Like all good sports movies, victory would not be easy.
Away from crashes and bad luck for the GC men, the focus turned to breakaways who dished out their own emotional provocations. Two generations of British cyclists going toe to toe on the Alpe d’Huez, a breakaway sprint, a remarkably resilient climb to Mende, a quiet rest day and a coming-of-age bunch sprint. The appetisers before a climactic final showdown.
Then Hugo Houle’s unlikely victory on the mountain stage into Foix, his first professional win (outside national titles) a decade after the death of his brother. It was one of the most pointed and meaningful results of the whole Tour de France.
Only one could win. And for the sake of the story, there was only really one place the final act could reach its peak – the final time trial would be disappointingly unoriginal…
So, to the Hautacam.
To return to the sports movie analogy once more, the best moments are always shared by a team, which shares in the collective joy of collaborative success. Jumbo-Visma re-enacted their stage 11 exploits and won, again. Emphatically.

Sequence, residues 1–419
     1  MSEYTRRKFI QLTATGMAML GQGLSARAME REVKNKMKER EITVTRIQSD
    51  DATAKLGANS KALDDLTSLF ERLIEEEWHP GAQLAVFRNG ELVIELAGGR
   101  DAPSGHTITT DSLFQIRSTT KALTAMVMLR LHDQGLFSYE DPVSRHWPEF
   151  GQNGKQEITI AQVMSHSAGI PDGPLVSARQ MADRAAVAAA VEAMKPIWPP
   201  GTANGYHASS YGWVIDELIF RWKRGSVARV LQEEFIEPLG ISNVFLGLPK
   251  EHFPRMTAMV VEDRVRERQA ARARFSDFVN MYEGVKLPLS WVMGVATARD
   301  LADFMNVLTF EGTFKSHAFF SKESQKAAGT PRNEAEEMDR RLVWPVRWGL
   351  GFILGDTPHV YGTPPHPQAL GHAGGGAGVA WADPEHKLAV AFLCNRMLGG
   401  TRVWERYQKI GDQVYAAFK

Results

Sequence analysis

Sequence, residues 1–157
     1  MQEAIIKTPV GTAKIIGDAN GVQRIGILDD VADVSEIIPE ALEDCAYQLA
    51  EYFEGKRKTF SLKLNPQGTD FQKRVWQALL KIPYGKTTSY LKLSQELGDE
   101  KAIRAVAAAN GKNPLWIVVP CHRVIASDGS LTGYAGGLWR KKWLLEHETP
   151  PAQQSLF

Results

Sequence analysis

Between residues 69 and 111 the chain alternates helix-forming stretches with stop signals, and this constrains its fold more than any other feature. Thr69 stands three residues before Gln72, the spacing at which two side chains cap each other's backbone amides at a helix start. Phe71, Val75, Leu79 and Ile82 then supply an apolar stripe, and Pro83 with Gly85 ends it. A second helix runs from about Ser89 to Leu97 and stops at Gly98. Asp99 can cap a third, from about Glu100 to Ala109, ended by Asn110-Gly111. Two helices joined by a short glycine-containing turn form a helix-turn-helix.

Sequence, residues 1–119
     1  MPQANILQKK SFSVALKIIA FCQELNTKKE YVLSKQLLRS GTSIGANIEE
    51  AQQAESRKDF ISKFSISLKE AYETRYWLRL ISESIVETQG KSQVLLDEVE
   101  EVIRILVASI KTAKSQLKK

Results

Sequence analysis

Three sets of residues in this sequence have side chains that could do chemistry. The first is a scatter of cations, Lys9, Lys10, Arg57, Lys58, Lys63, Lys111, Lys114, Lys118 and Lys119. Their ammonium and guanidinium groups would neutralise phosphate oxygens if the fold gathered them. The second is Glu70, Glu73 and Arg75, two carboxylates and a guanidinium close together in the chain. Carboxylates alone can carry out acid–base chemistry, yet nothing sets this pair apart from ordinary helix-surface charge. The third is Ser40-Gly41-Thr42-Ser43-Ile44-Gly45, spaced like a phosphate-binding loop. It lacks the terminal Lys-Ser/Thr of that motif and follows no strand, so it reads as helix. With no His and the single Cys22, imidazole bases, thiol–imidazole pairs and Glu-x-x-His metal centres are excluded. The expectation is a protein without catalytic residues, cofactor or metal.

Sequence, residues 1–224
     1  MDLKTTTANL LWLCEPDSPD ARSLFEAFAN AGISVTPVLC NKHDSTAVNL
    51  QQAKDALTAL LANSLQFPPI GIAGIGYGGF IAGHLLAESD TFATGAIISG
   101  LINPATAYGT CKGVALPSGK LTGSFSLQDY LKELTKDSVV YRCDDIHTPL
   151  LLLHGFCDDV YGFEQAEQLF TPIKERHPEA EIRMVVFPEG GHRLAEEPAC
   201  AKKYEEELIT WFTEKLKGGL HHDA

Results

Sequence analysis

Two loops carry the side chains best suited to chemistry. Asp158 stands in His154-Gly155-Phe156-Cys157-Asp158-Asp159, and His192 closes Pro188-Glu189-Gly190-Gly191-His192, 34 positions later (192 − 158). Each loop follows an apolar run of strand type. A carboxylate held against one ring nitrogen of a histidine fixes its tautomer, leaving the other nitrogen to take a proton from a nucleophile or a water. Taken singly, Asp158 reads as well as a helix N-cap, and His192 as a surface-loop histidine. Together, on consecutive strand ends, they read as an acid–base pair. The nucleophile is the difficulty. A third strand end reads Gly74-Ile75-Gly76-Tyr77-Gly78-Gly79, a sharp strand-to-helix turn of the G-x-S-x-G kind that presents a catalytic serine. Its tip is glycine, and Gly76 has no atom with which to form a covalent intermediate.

Though stage 18 was bursting with great moments – the handshake, Pinot’s dogged attempts to follow Van Aert, Geschke’s devastation on losing polka dots – stage 11 will likely be remembered as the stage Vingegaard and Jumbo-Visma won the Tour de France.
I’m reminded of ‘Miracle’, the 2004 film about the USA ice hockey team that won the Olympic title in 1980. The film’s climax is not the final match against Finland, but the first game in the medal round when the lineup of relative oddballs beat the invincible USSR under the guidance of coach Herb Brooks (Wout van Aert?).
Jumbo-Visma achieved the same, and their story will be remembered similarly.
One last thing. Could Netflix have chosen a better year to follow the Tour? Not a chance.